Medium is the writer's blog platform. Medium bloggers are not selling things; they are sharing stories and responding to the writing of others. Medium is entirely free to use for authors (it added a Members subscription this year for $5/mo. but it only affects how you read Medium posts) and it is focused on a simple, words-first presentation. You'll get to title, tag and add media to your post but beyond that, there is very little customization. There is no "blog" or webpage to design; writers (who are not publications) simply have profiles with their articles and the other things you'd expect: a profile picture, a list of what the author has liked ("clapped") and a list of their highlights from other articles. Medium is about reading and writing and not much else. If that sounds perfect to you (as it does to me), then you are undoubtedly the target Medium user. If you think you'll want more social features, a custom blog page or more detailed statistics, Wordpress is the way to go.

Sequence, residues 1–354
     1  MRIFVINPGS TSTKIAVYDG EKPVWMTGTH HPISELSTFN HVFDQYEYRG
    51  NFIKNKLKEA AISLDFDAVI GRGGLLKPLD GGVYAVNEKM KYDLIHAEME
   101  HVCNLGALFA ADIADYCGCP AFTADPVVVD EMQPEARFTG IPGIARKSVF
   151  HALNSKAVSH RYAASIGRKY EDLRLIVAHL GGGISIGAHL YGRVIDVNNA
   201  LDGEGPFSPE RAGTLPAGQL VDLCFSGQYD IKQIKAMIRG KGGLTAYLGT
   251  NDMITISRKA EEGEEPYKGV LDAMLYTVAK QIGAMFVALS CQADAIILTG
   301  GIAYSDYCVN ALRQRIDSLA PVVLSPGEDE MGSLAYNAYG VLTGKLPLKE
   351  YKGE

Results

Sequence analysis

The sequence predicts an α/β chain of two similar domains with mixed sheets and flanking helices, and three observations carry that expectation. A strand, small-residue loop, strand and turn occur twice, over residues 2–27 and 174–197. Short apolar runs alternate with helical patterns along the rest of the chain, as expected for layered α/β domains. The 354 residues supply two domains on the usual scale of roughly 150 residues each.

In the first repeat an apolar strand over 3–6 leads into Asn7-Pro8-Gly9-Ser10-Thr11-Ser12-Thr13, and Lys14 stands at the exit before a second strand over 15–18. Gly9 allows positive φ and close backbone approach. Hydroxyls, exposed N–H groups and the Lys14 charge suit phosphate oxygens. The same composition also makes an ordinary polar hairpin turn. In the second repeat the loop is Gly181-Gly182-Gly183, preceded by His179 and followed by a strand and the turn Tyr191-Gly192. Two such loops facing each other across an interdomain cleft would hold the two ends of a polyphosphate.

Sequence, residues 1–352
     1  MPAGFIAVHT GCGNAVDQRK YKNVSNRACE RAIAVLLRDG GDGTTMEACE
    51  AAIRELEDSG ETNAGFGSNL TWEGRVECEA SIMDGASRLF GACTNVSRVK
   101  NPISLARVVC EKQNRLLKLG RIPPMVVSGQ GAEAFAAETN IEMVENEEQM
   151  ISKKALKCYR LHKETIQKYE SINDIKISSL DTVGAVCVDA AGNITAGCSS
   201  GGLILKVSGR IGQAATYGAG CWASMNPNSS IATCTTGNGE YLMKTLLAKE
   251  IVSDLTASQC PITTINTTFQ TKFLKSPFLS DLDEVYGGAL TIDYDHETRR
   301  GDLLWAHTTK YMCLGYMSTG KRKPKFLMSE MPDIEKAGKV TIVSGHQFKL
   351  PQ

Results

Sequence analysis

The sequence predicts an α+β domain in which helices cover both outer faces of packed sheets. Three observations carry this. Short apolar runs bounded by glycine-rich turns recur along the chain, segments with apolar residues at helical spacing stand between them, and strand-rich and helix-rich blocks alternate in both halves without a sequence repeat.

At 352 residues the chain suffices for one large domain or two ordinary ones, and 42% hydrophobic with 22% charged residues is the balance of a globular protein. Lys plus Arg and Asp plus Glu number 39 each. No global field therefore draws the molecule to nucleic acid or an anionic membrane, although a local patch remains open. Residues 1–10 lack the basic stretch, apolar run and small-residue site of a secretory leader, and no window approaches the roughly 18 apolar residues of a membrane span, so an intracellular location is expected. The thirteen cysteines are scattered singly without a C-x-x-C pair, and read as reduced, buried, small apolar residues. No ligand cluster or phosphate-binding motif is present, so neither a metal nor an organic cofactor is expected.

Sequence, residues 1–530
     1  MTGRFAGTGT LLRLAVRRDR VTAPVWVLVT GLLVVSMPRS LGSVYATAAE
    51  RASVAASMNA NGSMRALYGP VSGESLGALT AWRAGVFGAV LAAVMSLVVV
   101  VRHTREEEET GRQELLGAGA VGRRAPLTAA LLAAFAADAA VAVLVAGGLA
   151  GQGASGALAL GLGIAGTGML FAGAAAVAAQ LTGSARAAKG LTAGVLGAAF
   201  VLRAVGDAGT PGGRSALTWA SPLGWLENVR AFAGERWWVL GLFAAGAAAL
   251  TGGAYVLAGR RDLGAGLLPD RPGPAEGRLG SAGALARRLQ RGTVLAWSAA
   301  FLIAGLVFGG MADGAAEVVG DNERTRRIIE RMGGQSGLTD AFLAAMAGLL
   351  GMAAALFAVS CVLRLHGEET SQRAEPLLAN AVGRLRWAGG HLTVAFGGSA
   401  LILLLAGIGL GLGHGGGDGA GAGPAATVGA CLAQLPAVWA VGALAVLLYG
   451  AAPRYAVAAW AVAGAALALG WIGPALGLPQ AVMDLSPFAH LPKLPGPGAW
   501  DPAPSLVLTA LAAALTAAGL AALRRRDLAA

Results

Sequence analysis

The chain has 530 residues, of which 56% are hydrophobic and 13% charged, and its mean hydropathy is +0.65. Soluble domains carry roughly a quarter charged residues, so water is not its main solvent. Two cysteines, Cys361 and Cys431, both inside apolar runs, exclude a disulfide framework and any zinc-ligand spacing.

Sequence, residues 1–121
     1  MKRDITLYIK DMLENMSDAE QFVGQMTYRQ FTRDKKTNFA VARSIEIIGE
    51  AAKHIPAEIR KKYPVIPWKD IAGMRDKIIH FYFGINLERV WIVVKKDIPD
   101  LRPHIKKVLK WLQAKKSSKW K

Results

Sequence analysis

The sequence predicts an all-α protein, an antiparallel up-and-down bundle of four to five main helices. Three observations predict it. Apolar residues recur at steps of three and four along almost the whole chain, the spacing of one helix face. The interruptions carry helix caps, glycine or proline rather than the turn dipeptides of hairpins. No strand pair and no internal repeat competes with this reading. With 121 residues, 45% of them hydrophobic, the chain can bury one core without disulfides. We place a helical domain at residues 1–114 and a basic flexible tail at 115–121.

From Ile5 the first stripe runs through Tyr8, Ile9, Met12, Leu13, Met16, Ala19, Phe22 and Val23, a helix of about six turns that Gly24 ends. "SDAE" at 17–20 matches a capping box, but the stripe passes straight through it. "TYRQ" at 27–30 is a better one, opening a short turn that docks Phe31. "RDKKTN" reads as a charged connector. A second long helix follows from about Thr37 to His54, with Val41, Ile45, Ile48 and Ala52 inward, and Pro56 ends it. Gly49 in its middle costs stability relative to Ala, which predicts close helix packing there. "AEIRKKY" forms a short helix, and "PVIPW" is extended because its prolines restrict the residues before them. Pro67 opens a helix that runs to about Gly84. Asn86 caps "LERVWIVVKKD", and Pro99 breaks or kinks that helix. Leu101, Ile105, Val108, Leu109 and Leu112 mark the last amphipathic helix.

Postleaf

There is another option that lies apart from this list of blogging companies: it is called Postleaf and it is a completely free, open-source blogging platform that, because you own it, is totally customizable. However, it's bragging point is its utter simplicity. And the feature it brags about most excitedly is inline editing. This means that the post, as you type it, looks exactly like it will when it's published.